Rebecca resembled very much a daughter of William Lowe. The girl was really her aunt, and very conscious of the resemblance. Both had brown eyes and long dark hair. They were about the same height and the clothes of the young mistress fitted Rebecca "like a glove." To offset this likeness, Rebecca's hair was always cut very short. Finally Rebecca rebelled at having her hair all cut off and blankly refused to submit to the treatment any longer. After this happening, the girls formed a dislike for each other, and Rebecca was guilty of doing every mean act of which she was capable to torment the white girl. Rebecca's mother aided and abetted her in this, often telling her things to do. Rebecca did not fear the form of punishment administered her and she had the cunning to "keep on the good side of the master" who had a fondness for her "because she was so much like the Lowes." The mistress' demand that she be sold or beaten was always turned aside with "Dear, you know the child can't help it; its that cursed Cherokee blood in her."
There seemed to be no very strong opposition to a slave's learning to read and write on the plantation, so Rebecca learned along with the white children. Her father purchased books for her with money he was allowed to earn from the sale of corn whiskey which he made, or from work done on some other plantation during his time off. He was not permitted to buy freedom, however.
On Sundays Rebecca attended church along with the other slaves. Services were held in the white churches after their services were over. They were taught to obey their masters and work hard, and that they should be very thankful for the institution of slavery which brought them from darkest Africa.
On the plantation, the doctor was not nearly as popular as the "granny" or midwife, who brewed medicines for every ailment. Each plantation had its own "granny" who also served the mistress during confinement. Some of her remedies follows:
For colds: Horehound tea, pine top tea, lightwood drippings on sugar. For fever: A tea made of pomegranate seeds and crushed mint. For whooping cough: A tea made of sheep shandy (manure); catnip tea. For spasms: garlic; burning a garment next to the skin of the patient having the fit.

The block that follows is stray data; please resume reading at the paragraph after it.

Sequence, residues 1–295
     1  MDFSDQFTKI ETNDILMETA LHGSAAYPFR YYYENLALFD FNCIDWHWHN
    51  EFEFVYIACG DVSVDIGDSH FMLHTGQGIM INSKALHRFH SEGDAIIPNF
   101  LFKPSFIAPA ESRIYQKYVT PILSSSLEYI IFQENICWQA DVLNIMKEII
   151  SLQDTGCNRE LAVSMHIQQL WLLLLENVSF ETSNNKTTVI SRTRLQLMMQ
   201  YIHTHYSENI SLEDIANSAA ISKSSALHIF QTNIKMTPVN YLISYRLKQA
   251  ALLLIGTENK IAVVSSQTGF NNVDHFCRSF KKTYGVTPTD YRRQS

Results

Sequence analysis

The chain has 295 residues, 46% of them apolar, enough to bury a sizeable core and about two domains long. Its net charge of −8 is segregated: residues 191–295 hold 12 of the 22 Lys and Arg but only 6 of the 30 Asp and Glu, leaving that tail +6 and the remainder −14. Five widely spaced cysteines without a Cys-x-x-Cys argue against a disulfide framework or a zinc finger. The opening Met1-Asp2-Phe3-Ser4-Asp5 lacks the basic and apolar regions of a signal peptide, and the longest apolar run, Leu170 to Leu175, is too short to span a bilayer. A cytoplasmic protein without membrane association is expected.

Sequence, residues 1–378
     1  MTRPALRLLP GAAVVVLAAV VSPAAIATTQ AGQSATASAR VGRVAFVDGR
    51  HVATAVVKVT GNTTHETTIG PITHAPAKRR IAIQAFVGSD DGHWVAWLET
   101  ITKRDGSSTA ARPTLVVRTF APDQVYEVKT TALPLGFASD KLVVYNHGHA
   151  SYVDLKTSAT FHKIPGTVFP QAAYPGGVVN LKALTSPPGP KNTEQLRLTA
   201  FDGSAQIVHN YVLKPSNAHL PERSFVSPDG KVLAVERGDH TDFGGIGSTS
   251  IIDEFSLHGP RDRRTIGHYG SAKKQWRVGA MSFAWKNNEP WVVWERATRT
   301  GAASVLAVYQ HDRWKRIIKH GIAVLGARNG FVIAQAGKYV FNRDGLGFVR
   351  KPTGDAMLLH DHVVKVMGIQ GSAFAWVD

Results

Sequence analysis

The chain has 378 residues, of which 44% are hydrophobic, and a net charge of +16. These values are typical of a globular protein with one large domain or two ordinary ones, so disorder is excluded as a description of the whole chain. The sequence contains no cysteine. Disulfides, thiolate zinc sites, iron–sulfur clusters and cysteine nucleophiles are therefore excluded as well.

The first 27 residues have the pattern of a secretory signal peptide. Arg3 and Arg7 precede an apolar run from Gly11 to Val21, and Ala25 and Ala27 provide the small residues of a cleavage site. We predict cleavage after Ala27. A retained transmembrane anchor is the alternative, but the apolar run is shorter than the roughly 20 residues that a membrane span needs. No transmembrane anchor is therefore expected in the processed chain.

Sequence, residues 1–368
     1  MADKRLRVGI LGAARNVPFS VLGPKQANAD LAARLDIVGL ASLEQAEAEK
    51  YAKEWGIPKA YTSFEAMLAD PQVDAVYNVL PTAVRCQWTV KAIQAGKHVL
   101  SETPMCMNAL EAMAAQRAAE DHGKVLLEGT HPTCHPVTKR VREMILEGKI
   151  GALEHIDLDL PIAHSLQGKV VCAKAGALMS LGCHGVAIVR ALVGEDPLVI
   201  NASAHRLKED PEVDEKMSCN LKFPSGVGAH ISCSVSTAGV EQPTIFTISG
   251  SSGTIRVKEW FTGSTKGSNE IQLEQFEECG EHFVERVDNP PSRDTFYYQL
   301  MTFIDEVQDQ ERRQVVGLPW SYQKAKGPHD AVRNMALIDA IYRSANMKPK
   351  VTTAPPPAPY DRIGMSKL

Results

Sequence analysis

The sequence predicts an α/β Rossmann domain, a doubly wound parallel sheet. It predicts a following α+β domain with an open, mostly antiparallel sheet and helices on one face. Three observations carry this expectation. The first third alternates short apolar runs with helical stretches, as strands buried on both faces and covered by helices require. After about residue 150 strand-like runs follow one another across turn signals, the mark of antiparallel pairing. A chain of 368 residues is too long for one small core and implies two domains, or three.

Shortly before the war, Rebecca was married to Solomon, her husband. This ceremony consisted of simply jumping over a broom and having some one read a few words from a book, which may or may not have been the Bible. After the war, many couples were remarried because of this irregularity.
Rebecca had learned of the war long before it ended and knew its import. She had confided this information to other slaves who could read and write. She read the small newspaper that her master received at irregular intervals. The two sons of William Lowe had gone to fight with the Confederate soldiers (one never returned) and everywhere was felt the tension caused by wild speculation as to the outcome of the war.
Certain commodities were very scarce Rebecca remembers drinking coffee made of okra seed that had been dried and parched. There was no silk, except that secured by "running the blockade," and this was very expensive. The smokehouse floors were carefully scraped for any morsel of salt that might be gotten. Salt had to be evaporated from seawater and this was a slow process.
There were no disorders in that section as far as Rebecca remembers, but she thinks that the slaves were kept on the Lowe plantation a long time after they had been freed. It was only when rumors came that Union soldiers were patrolling the countryside for such offenders, that they were hastily told of their freedom. Their former master predicted that they would fare much worse as freemen and so many of them were afraid to venture into the world for themselves, remaining in virtual slavery for many years afterward.
Rebecca and her husband were among those who left the plantation. They sharecropped on various plantations until they came to Florida, which is more than fifty years ago. Rebecca's husband died several years ago and she still lives with her two daughters, who are very proud of her.
American Life Histories from the Library of Congress